The Primacy of Relationships
At this, His last opportunity to outline a strategic plan for mission, Jesus spends His time on relationships more so than on tasks. Many of us are task-oriented. We want a program, clear instructions, a time line, and specific performance targets. Instead Jesus says, “He who abides in Me, and I in him, bears much fruit; for without Me you can do nothing” (John 15:5).
A somewhat similar situation is recorded in the Old Testament. At the command of God, Moses led the people of Israel out of Egypt, through the sea, into the wilderness. Then He is summoned to meet with God on Mount Sinai. What Moses needs is an organizational chart and a strategic plan, a blueprint of how to get this undisciplined mob of slaves moving across the wilderness and into the Promised Land. He spends 40 days there on the mountain, enough time surely to get the priorities, technicalities, structures, and strategies sorted out. But instead He comes back to the people with a code of conduct and a diagram for a worship place.
God doesn’t seem to be in much haste about getting to the Promised Land. His first priority is to create from this motley assortment of tribes a community that embodies the character of God Himself. He wants them to know Him and become like Him.
The invitation to God’s people is to become a new kind of human community, not merely to accomplish some task. He seeks to create a people who will reflect His own character, people who “proclaim the praises of Him who called you out of darkness into His marvelous light” (1 Peter 2:9; see also Matt. 5:16).
How Will the Work Get Finished?
During the early days of our service in India, the ministerial director convened a meeting of department leaders and pastors in the local field. At the end of a long day of presentations on various topics he suddenly announced that there would be a quiz. We were all rather surprised and not a little embarrassed, for we had not paid strict attention throughout the day.
The ministerial director went to the chalkboard and simply drew a few blanks and wrote a few words that looked like this:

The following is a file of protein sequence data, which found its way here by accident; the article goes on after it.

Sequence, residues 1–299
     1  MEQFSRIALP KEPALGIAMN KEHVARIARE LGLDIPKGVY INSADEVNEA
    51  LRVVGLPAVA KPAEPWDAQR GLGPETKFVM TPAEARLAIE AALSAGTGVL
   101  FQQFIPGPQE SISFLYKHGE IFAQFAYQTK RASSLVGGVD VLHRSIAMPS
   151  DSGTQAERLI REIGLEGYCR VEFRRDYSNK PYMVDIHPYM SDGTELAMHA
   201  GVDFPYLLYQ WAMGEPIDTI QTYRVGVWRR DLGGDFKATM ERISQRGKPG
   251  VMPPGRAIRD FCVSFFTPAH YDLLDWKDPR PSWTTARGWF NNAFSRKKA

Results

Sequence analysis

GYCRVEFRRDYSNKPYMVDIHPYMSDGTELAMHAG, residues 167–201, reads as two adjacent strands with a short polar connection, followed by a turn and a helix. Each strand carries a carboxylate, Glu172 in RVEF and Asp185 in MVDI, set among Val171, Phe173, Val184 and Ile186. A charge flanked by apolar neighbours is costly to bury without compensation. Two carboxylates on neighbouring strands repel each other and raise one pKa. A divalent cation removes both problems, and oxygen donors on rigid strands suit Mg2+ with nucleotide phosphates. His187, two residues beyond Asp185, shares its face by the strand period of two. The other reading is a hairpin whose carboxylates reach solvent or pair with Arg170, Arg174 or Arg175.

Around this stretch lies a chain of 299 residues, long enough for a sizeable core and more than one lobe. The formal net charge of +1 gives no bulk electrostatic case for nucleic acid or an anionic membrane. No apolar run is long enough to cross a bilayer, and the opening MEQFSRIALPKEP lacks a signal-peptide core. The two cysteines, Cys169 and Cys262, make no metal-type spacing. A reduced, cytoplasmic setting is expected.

He asked us to fill in the blanks so that the completed sentence could serve as a reliable compass for our ministry. We were silent for some time. Slowly, tentatively, a few suggestions emerged.
Ministers will do the work if church members will furnish the means.
Lay members will do the work if pastors will furnish the training.
The church will do the work if the conference will furnish the plans.
We were serious about our suggestions. But after each proposal the ministerial director shook his head with obvious disappointment. “You are not getting it!” he declared. Some tense moments of silence passed. Finally he returned to the chalkboard, filled in the blanks and wrote the reference.
“God will do the work if we will furnish Him the instruments.”*
We were all in a teachable frame at that instant. Those last few minutes of a long day’s meeting have been etched indelibly on my mind. Effectiveness in ministry, in witnessing, is rooted in relationship more than in method or technique. I must not let the pressure of “finishing the work” divert my attention from the Lord of the work, the source of spiritual power for both my life and my work.
*?Ellen G. White, Testimonies for the Church (Mountain View, Calif.: Pacific Press Pub. Assn., 1948), vol. 9, p. 107.
Lowell C. Cooper has served 16 years as a general vice president for the General Conference of Seventh-day Adventists.